Pharmacologic characteristics of indinavir, didanosine, and stavudine in human immunodeficiency virus-infected children receiving combination therapy

Courtney V. Fletcher, Richard C. Brundage, Rory P. Remmel, Linda M. Page, Dennis Weller, Nancy R. Calles, Cara Simon, Mark W. Kline

Research output: Contribution to journalArticle

62 Scopus citations

Abstract

The use of human immunodeficiency virus (HIV) protease inhibitors in children has lagged behind that in adults because of the lack of suitable pediatric formulations and information on safe and effective dosing regimens. This study was designed to obtain pharmacokinetic information on indinavir, administered to HIV-infected children also receiving therapy with two nucleoside agents, and to explore relationships between pharmacokinetic parameters and anti-HIV effect. Indinavir was initiated at a dose of 500 mg/m2 every 8 h. Plasma indinavir concentrations were measured every 4 weeks; the dose or dosing interval Was adjusted to maintain trough concentrations of ≥0.1 mg/liter. All children were evaluated clinically at baseline and every 4 weeks. Plasma HIV RNA was quantitated at baseline and at weeks 4, 12, and 24. Eighteen children participated in this study. The average daily dose of indinavir was 2,043 mg/m2; nine children received indinavir at 6-h intervals. Pharmacokinetic characteristics of indinavir (mean ± standard deviation) were the following: oral clearance, 1.4 ± 0.5 liters/h/kg; half-life, 1.1 ± 0.43 h; and trough concentration, 0.29 ± 0.32 mg/liter. In nine children that completed 24 weeks of therapy, the baseline- to-week-24 change in HIV RNA level was related to indinavir trough concentration and didanosine area under the curve. This study illustrates the ability to obtain pharmacokinetic information from children during routine clinic visits and to use this information to provide a safeguard against underdosing. The incorporation of pharmacologic knowledge with virologic, immunologic, and behavioral considerations should result in improved clinical outcomes for children infected with HIV.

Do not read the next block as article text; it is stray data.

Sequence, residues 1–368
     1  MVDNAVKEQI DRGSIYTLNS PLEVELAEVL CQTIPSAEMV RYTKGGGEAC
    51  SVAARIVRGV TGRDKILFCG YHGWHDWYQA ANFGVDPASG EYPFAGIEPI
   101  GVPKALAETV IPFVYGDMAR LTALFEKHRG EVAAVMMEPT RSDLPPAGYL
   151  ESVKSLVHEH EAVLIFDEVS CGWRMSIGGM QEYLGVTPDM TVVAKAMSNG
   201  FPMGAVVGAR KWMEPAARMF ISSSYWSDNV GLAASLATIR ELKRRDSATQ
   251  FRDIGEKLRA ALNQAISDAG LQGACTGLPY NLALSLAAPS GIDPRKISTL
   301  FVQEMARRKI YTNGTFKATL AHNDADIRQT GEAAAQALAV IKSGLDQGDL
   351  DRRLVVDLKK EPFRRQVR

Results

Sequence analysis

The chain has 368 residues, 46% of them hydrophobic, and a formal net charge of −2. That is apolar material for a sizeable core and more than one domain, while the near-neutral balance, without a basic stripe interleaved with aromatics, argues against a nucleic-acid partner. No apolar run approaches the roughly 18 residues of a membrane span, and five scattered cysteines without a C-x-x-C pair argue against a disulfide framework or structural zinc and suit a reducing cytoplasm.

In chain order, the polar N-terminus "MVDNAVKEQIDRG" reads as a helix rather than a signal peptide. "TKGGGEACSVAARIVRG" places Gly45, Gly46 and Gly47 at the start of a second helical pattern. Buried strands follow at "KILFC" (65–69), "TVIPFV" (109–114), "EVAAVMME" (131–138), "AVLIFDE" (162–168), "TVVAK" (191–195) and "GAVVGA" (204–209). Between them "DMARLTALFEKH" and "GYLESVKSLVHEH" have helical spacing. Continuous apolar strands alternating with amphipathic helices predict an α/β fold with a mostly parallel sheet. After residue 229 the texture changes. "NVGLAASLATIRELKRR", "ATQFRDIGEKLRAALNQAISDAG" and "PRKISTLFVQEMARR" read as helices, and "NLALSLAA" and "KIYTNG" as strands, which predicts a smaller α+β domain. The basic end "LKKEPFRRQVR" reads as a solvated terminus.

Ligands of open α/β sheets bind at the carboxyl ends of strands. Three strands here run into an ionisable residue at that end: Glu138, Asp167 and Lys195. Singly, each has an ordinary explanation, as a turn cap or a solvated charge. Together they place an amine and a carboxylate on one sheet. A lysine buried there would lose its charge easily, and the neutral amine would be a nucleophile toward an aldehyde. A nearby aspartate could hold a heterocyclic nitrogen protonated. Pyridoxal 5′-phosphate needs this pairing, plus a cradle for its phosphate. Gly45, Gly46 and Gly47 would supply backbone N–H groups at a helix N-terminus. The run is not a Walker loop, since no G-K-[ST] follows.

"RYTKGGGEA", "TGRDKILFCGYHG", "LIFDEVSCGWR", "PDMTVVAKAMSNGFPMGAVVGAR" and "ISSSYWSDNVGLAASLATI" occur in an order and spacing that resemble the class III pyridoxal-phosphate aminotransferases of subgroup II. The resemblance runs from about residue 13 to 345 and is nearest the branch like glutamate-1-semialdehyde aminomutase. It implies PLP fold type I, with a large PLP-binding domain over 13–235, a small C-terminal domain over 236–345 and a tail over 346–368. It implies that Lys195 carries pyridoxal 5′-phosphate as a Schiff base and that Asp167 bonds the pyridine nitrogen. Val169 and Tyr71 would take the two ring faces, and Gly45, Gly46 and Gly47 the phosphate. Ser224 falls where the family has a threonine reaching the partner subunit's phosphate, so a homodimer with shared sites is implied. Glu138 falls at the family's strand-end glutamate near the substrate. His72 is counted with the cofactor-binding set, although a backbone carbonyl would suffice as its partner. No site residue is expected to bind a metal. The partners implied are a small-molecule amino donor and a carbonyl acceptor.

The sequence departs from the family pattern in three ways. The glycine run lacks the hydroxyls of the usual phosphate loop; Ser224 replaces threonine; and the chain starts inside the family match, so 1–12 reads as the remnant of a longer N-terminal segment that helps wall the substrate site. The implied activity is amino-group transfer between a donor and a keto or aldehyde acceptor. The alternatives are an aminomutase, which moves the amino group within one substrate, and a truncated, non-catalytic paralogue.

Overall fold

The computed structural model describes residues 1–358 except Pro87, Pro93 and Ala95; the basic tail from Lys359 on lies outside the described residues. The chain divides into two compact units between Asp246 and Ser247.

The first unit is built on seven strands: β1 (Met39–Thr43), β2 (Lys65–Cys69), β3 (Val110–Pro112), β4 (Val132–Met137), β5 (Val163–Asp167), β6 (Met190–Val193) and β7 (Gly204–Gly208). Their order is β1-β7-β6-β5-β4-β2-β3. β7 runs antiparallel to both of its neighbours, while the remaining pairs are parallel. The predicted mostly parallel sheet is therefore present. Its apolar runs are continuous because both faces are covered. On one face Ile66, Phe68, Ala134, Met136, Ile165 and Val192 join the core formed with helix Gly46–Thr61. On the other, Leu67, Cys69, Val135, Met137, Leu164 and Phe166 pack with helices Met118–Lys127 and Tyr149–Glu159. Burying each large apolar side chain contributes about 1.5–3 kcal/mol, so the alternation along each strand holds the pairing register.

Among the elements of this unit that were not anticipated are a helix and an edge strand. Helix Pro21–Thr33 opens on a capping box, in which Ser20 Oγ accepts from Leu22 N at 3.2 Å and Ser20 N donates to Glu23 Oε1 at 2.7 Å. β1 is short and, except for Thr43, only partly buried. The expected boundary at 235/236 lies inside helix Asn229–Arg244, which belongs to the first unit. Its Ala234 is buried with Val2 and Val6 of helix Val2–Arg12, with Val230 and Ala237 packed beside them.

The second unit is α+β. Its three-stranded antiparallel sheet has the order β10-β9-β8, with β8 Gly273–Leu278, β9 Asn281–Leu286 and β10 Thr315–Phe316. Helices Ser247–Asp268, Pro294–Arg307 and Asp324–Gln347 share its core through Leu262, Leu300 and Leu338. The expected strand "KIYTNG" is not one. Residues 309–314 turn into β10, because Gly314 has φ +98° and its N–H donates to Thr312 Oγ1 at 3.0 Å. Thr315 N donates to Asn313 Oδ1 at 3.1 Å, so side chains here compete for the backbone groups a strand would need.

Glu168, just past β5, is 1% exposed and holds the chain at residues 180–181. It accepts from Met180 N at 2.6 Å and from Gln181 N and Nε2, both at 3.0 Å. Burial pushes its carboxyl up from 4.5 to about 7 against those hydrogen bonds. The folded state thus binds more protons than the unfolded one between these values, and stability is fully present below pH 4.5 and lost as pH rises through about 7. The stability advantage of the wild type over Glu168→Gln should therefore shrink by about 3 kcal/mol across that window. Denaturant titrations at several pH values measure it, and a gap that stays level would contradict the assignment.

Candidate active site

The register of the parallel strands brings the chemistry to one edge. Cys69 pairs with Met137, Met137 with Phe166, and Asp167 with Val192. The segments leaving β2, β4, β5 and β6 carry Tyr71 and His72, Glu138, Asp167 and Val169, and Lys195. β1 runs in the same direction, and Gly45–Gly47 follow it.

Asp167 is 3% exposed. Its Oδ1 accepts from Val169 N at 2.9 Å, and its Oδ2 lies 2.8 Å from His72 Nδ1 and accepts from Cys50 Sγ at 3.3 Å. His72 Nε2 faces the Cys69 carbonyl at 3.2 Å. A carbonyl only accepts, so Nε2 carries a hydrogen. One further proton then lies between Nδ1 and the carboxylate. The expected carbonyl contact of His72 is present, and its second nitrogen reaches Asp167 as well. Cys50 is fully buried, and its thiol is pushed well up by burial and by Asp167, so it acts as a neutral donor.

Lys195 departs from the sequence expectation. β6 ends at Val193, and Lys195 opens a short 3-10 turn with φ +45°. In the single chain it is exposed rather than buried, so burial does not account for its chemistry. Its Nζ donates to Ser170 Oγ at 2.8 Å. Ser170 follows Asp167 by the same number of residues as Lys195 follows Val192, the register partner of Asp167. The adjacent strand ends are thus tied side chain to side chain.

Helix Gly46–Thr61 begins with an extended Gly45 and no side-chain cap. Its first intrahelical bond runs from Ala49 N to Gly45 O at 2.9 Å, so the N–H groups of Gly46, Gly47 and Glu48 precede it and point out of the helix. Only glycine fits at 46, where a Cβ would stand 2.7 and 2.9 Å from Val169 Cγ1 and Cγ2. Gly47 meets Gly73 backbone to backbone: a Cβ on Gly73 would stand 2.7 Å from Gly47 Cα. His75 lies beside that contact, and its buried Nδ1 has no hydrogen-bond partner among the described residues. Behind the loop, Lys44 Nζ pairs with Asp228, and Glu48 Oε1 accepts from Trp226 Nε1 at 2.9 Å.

Original languageEnglish (US)
Pages (from-to)1029-1034
Number of pages6
JournalAntimicrobial Agents and Chemotherapy
Volume44
Issue number4
DOIs
StatePublished - Apr 2000

ASJC Scopus subject areas

  • Pharmacology
  • Pharmacology (medical)
  • Infectious Diseases

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